I love bringing out my Grandmother's old red transfer ware this time of year. These were her
everyday dishes so many family meals were shared using them. When I left Los Angeles and moved to Maine to go to college, I was able to enjoy those meals much less frequently.
But when my Grandmother was alive, I never once missed a Christmas Eve dinner at her house. My father was my Grandmother's only child, so my brother and I were her only grandchildren.
We felt very, very loved.
Her name was Margaret. xo
Yes, more pomegranates.
Pomegranates never stay in the fruit bowl for very long.
These evergreen cuttings look like holly but are actually a Northwest native plant called Oregon grape. Lili used a few clippings for the photo shoot (it's visible in the magazine), and I thought it was such a wonderful idea that I've been using it all over the house lately.
Due to my complete and utter weakness for pomegranates, we have been consuming them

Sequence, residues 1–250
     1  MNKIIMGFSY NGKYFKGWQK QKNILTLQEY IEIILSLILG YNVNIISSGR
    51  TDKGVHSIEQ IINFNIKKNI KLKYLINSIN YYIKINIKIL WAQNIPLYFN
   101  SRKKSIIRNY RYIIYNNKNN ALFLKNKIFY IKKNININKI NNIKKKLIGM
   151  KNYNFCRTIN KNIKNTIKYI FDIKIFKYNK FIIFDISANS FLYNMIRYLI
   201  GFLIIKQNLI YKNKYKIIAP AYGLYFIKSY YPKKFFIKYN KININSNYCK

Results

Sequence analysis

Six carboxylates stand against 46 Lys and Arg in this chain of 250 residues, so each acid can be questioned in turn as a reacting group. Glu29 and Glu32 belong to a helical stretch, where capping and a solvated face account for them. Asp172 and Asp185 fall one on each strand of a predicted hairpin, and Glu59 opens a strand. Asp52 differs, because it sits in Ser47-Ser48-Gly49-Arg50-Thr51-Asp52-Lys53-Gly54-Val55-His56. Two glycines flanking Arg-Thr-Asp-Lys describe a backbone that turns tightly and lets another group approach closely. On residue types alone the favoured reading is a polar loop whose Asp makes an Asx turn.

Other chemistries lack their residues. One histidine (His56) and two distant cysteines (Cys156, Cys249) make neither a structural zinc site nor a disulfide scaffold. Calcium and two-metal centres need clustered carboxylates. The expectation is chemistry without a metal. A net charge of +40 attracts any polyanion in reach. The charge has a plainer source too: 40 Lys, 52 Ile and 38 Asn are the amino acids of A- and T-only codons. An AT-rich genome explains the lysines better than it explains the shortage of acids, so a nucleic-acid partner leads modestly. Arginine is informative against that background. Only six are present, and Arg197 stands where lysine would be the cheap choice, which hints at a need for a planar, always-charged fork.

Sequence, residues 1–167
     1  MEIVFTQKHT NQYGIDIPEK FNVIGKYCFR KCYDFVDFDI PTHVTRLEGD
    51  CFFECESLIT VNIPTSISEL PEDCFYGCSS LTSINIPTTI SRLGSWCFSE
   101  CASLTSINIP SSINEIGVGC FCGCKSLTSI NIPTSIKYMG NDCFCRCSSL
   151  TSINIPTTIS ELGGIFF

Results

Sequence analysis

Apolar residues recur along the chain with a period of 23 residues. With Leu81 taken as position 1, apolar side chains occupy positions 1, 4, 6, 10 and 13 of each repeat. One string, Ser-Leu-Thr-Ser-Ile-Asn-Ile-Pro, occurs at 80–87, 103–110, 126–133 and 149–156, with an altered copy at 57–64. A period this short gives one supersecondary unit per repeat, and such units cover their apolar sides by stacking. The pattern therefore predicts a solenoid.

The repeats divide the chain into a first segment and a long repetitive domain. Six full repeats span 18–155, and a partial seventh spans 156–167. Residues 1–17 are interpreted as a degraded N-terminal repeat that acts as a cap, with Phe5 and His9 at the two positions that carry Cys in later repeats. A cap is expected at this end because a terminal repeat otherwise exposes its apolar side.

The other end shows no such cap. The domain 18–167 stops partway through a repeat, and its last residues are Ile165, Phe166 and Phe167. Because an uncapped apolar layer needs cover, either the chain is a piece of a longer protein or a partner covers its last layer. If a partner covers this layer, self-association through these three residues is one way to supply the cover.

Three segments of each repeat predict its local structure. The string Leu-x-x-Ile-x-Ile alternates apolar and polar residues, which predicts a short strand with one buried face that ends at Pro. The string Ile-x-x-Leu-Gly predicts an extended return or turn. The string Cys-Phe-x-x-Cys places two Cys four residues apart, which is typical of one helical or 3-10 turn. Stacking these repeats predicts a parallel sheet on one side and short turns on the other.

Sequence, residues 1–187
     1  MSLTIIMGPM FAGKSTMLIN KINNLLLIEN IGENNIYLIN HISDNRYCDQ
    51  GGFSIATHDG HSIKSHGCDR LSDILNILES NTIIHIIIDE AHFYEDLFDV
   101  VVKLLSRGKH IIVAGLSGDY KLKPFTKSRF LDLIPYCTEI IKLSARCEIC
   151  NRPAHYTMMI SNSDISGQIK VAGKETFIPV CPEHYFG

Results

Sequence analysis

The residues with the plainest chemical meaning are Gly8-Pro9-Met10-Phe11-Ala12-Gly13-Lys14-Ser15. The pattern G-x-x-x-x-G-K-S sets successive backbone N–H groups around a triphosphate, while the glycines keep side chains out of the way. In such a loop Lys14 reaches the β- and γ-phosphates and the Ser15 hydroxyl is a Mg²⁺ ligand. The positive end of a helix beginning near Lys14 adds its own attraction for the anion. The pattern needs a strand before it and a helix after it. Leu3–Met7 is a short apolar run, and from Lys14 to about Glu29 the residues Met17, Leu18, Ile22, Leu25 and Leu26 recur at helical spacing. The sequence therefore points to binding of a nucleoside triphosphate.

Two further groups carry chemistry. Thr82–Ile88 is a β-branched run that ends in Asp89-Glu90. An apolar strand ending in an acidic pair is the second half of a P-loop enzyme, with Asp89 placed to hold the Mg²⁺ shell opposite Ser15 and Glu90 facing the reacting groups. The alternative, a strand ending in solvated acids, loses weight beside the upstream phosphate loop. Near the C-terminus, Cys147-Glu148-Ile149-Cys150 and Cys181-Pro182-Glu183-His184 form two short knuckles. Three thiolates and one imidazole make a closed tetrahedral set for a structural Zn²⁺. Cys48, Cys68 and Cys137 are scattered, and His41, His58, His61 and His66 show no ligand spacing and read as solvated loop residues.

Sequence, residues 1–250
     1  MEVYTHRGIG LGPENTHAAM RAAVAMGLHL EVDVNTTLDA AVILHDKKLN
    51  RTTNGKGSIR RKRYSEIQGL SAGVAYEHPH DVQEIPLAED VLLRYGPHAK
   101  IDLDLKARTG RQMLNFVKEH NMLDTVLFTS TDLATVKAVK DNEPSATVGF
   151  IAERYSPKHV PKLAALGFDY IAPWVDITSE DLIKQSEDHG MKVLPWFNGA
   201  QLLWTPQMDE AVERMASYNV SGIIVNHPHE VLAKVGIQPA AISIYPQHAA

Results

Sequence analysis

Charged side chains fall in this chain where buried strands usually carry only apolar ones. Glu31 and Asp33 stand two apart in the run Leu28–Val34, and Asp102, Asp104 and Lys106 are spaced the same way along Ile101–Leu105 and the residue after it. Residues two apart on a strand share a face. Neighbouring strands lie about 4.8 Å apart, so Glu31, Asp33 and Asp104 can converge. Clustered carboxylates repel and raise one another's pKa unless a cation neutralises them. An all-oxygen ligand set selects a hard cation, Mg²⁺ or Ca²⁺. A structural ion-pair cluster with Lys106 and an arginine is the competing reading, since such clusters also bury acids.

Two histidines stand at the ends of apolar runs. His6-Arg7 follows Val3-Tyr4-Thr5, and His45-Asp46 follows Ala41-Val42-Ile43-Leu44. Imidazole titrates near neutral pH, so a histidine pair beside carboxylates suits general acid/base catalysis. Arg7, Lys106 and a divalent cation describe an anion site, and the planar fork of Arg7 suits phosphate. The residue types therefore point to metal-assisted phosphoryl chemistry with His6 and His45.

non-stop. I love them on pancakes or french toast on the weekends, but
also crave them on my weekday morning oatmeal as well.
This sort of consumption, as you can imagine, is logistically challenging. I am rarely
without a baby in my arms (they too are too delicious to not want to hold them all the time), so seeding
messy pomegranates takes some orchestration.
But wonderful news - I've found a miracle process by which to extricate the juicy seeds - saving
a lot of time and mess! And just who on earth could know such a secret?
Yes, that's right, it's Martha Stewart.
Watch her tutorial here.
It does work but I would recommend doing it in the sink as
this process, although very time-saving, is not splatter proof.
Here is one of my quarters after using a wooden spoon.
Here is what the work area (inside my sink) looked like afterwards. All of the
splatters stayed in the sink basin due to hitting the pomegranate face down.
For once, I had not one tiny splatter on my clothes!